Texas heat wave: Temperatures knock 6 power plants offline

Texas heat wave: Temperatures knock 6 power plants offline

The Electrical Reliability Council of Texas (ERCOT) made the call in a statement Friday, saying soaring temperatures have increased demand and caused six power generation facilities to go offline. This resulted in the loss of approximately 2,900 megawatts of electricity.

“We’re asking Texans to save energy when they can by setting their thermostats to 78 degrees or higher and avoiding the use of large appliances (such as dishwashers, washing machines and dryers). -laundry) during peak hours between 3 p.m. and 8 p.m. on weekends,” interim CEO Brad Jones said in the statement. p

Record high temperatures this weekend

The call comes as record high temperatures across much of the southern United States this weekend are expected to add to a worsening drought.

From Phoenix to Amarillo, Texas, record temperatures are expected to hit triple digits, with parts of Texas a chance to break daily records over the next seven days.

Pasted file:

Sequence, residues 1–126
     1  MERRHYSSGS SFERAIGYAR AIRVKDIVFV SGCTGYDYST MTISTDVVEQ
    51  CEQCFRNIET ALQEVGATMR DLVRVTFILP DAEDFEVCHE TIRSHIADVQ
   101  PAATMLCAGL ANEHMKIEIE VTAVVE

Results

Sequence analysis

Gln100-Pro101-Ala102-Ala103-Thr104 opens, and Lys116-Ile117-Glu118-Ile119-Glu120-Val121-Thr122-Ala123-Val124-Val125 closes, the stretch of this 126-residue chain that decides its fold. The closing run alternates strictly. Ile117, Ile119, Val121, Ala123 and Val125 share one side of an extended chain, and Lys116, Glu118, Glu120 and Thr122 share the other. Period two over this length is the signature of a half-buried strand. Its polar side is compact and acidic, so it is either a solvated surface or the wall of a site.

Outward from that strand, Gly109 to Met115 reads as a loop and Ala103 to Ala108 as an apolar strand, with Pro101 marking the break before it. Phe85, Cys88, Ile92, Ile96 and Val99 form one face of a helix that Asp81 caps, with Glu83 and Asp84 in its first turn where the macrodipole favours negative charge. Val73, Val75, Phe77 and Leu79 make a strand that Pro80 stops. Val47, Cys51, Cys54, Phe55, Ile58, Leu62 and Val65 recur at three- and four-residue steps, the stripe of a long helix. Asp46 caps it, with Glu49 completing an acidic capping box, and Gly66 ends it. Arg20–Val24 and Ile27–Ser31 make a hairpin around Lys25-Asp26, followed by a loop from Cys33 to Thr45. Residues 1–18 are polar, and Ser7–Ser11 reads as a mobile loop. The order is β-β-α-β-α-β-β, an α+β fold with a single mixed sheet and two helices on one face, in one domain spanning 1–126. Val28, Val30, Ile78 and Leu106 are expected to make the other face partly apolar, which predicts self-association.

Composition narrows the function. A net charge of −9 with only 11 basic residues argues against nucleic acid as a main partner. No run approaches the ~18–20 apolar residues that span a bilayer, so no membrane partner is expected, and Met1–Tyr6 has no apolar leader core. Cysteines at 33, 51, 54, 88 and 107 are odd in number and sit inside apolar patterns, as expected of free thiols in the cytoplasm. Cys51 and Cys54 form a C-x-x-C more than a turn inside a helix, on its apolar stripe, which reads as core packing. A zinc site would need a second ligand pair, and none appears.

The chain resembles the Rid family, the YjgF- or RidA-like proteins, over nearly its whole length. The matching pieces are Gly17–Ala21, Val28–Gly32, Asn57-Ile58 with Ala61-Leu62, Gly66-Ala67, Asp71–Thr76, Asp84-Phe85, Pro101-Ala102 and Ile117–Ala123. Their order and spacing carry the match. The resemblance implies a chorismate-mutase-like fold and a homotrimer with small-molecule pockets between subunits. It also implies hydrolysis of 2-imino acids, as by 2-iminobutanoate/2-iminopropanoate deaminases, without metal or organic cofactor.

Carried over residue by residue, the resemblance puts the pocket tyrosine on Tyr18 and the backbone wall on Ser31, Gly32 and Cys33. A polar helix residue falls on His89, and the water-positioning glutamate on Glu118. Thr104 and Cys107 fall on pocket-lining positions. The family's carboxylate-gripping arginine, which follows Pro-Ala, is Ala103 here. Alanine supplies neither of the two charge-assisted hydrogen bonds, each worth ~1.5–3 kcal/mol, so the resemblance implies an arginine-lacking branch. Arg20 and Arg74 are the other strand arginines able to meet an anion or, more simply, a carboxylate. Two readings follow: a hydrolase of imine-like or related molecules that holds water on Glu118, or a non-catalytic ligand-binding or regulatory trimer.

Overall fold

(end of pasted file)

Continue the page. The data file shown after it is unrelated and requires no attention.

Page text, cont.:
ERCOT came under intense scrutiny last year after record cold temperatures in February caused the state’s highest demand for electricity and more than 200 people died during the crisis. electricity, the most common cause of death being hypothermia.
In March 2021, ERCOT President and CEO Bill Magness was fired following widespread power outages during a series of winter storms that left many Texas residents in the dark for decades. days.

Now the heat is testing the Texas power grid.

On Wednesday, ERCOT asked power plants to postpone outages and return from outages already in progress “to serve Texans this weekend.”

Mother Nature is preparing a historic heat wave for Mother's Day weekend

Temperatures on Saturday were expected to be in the 90s across Texas — 10 to 15 degrees above average, according to CNN meteorologists. Temperatures in the mid-90s to low hundreds are expected on Sunday, with much of central and western Texas hitting 100 to 105 degrees, about 10 to 15 degrees above average.

ERCOT accounts for about 90% of the state’s electrical load, according to a statement from the organization.

Unusually warm weather for the season is driving record demand across the state, according to the release.

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